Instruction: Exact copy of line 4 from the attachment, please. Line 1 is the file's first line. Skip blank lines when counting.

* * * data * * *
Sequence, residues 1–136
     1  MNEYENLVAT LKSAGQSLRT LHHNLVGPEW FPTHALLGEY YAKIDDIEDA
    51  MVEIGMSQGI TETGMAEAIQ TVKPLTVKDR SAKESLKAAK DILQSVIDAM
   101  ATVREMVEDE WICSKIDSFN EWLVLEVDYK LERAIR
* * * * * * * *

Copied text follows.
   101  ATVREMVEDE WICSKIDSFN EWLVLEVDYK LERAIR